The one impression which the absence of light immediately produced
on his mind, was distrust of the curtained bed--distrust which
shaped itself into no distinct idea, but which was powerful enough
in its very vagueness, to bind him down to his chair, to make his
heart beat fast, and to set him listening intently. No sound
stirred in the room but the familiar sound of the rain against the
window, louder and sharper now than he had heard it yet.

Still the vague distrust, the inexpressible dread possessed him,
and kept him to his chair. He had put his carpet-bag on the table,
when he first entered the room; and he now took the key from his
pocket, reached out his hand softly, opened the bag, and groped in
it for his travelling writing-case, in which he knew that there was
a small store of matches. When he had got one of the matches, he
waited before he struck it on the coarse wooden table, and listened
intently again, without knowing why. Still there was no sound in
the room but the steady, ceaseless, rattling sound of the rain.

He lighted the candle again, without another moment of delay and,
on the instant of its burning up, the first object in the room that
his eyes sought for was the curtained bed.

Just before the light had been put out, he had looked in that
direction, and had seen no change, no disarrangement of any sort,
in the folds of the closely-drawn curtains.

When he looked at the bed, now, he saw, hanging over the side of
it, a long white hand.

It lay perfectly motionless, midway on the side of the bed, where
the curtain at the head and the curtain at the foot met. Nothing
more was visible. The clinging curtains hid everything but the
long white hand.

He stood looking at it unable to stir, unable to call out; feeling
nothing, knowing nothing, every faculty he possessed gathered up
and lost in the one seeing faculty. How long that first panic held
him he never could tell afterwards. It might have been only for a
moment; it might have been for many minutes together. How he got
to the bed--whether he ran to it headlong, or whether he approached
it slowly--how he wrought himself up to unclose the curtains and
look in, he never has remembered, and never will remember to his
dying day. It is enough that he did go to the bed, and that he did
look inside the curtains.

The man had moved. One of his arms was outside the clothes; his
face was turned a little on the pillow; his eyelids were wide open.
Changed as to position, and as to one of the features, the face
was, otherwise, fearfully and wonderfully unaltered. The dead
paleness and the dead quiet were on it still

One glance showed Arthur this--one glance, before he flew
breathlessly to the door, and alarmed the house.

The man whom the landlord called 'Ben,' was the first to appear on
the stairs. In three words, Arthur told him what had happened, and
sent him for the nearest doctor.

I, who tell you this story, was then staying with a medical friend
of mine, in practice at Doncaster, taking care of his patients for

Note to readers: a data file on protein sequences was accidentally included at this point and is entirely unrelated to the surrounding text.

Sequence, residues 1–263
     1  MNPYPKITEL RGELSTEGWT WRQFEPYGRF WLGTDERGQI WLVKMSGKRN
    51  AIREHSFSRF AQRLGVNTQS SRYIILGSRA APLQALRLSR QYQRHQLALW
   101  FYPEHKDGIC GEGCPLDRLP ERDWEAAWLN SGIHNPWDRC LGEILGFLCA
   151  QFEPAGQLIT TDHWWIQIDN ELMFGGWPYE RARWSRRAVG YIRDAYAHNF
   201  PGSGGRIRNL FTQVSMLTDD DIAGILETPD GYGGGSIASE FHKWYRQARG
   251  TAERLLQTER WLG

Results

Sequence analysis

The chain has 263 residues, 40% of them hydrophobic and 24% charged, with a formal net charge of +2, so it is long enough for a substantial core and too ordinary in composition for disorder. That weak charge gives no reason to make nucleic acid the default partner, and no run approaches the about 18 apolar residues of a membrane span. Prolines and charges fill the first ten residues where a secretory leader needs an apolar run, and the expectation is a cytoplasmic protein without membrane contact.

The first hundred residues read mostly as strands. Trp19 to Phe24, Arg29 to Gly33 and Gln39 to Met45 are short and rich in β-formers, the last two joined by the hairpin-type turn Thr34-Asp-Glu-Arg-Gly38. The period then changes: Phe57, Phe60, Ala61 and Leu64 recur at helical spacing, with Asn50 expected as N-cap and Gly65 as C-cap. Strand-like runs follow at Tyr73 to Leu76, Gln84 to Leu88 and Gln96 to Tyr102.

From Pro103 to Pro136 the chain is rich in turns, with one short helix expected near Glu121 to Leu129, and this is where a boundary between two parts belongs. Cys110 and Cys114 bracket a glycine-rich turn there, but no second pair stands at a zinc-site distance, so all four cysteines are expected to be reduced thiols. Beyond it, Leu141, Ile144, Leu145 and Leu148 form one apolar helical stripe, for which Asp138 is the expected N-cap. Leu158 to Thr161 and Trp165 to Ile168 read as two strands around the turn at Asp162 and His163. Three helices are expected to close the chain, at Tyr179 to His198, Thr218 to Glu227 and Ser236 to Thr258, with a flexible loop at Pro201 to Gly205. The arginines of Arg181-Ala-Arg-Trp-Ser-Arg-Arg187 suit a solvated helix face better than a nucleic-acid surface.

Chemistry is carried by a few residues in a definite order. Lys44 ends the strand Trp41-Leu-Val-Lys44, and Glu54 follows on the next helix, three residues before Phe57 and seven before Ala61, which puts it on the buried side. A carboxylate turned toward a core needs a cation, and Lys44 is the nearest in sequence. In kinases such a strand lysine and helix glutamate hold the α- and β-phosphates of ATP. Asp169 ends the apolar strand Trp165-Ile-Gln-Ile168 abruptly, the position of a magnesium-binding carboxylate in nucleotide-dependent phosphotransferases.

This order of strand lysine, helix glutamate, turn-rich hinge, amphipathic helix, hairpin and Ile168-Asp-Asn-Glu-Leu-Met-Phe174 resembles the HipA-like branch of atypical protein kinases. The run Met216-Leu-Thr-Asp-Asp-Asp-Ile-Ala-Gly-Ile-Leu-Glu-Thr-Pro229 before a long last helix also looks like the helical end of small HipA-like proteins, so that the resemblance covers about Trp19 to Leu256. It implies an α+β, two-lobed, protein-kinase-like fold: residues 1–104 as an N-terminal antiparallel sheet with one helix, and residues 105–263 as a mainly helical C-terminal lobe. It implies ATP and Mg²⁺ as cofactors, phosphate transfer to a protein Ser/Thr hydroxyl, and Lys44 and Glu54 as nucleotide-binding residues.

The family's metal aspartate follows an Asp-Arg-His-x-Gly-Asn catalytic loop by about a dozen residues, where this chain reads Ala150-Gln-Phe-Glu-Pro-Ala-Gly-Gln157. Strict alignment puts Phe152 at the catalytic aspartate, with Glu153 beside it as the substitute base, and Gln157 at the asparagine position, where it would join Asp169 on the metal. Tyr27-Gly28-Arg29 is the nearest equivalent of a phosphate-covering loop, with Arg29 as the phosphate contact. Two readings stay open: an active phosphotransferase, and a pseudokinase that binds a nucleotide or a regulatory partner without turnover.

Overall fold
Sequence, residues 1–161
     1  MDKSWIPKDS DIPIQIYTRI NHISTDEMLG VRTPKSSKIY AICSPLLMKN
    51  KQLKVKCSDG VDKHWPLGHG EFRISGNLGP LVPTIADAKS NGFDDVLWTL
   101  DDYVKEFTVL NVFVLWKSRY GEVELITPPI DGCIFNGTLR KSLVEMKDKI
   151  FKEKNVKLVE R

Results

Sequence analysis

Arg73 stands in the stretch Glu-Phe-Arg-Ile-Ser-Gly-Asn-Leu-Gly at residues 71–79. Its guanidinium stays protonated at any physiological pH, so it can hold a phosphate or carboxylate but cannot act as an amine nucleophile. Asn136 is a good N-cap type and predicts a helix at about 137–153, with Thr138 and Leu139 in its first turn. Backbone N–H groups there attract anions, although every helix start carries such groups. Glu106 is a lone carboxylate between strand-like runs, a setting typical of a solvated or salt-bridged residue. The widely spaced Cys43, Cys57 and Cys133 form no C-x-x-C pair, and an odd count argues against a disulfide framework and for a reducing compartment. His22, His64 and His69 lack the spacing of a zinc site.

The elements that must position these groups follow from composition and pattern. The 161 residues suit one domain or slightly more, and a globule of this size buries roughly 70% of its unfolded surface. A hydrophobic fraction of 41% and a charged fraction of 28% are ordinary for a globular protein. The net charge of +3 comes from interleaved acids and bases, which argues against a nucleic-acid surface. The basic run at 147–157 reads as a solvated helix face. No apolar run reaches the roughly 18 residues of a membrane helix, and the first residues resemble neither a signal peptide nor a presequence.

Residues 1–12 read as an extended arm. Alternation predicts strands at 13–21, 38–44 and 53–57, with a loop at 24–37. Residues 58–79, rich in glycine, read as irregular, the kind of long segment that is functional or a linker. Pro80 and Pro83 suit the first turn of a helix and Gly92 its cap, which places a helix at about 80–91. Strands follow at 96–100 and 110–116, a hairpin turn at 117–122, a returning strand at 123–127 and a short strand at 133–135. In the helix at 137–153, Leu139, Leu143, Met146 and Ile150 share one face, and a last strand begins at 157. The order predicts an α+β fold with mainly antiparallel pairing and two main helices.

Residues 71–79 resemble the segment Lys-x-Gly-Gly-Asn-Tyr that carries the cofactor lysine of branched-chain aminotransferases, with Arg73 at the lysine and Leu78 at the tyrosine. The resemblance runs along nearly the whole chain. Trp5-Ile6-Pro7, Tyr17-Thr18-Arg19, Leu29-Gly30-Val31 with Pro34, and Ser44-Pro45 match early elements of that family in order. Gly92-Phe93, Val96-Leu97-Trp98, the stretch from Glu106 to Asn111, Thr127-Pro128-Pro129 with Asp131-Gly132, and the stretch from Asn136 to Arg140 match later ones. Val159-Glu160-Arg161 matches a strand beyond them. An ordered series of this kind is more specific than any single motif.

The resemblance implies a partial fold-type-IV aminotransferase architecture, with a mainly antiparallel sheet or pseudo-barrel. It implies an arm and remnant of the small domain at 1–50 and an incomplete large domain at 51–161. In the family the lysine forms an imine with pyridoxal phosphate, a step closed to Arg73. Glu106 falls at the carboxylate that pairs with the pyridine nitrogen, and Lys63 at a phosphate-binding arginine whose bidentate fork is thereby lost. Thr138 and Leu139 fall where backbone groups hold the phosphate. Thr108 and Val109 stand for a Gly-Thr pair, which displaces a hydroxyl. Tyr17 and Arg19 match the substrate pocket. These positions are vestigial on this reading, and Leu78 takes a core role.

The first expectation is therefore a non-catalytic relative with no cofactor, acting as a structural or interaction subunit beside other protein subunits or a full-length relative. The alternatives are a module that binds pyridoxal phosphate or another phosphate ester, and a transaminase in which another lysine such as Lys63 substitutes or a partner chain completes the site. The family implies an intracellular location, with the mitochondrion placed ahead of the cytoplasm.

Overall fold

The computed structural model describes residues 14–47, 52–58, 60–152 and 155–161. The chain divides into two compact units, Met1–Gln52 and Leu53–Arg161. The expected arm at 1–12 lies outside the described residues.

him, during his absence in London; and I, for the time being, was
the nearest doctor. They had sent for me from the Inn, when the
stranger was taken ill in the afternoon; but I was not at home, and
medical assistance was sought for elsewhere. When the man from The
Two Robins rang the night-bell, I was just thinking of going to
bed. Naturally enough, I did not believe a word of his story about
'a dead man who had come to life again.' However, I put on my hat,
armed myself with one or two bottles of restorative medicine, and
ran to the Inn, expecting to find nothing more remarkable, when I
got there, than a patient in a fit.

My surprise at finding that the man had spoken the literal truth
was almost, if not quite, equalled by my astonishment at finding
myself face to face with Arthur Holliday as soon as I entered the
bedroom. It was no time then for giving or seeking explanations.
We just shook hands amazedly; and then I ordered everybody but
Arthur out of the room, and hurried to the man on the bed.

The kitchen fire had not been long out. There was plenty of hot
water in the boiler, and plenty of flannel to be had. With these,
with my medicines, and with such help as Arthur could render under
my direction, I dragged the man, literally, out of the jaws of
death. In less than an hour from the time when I had been called
in, he was alive and talking in the bed on which he had been laid
out to wait for the Coroner's inquest.

You will naturally ask me, what had been the matter with him; and I
might treat you, in reply, to a long theory, plentifully sprinkled
with, what the children call, hard words. I prefer telling you
that, in this case, cause and effect could not be satisfactorily
joined together by any theory whatever. There are mysteries in
life, and the condition of it, which human science has not fathomed
yet; and I candidly confess to you, that, in bringing that man back
to existence, I was, morally speaking, groping haphazard in the
dark. I know (from the testimony of the doctor who attended him in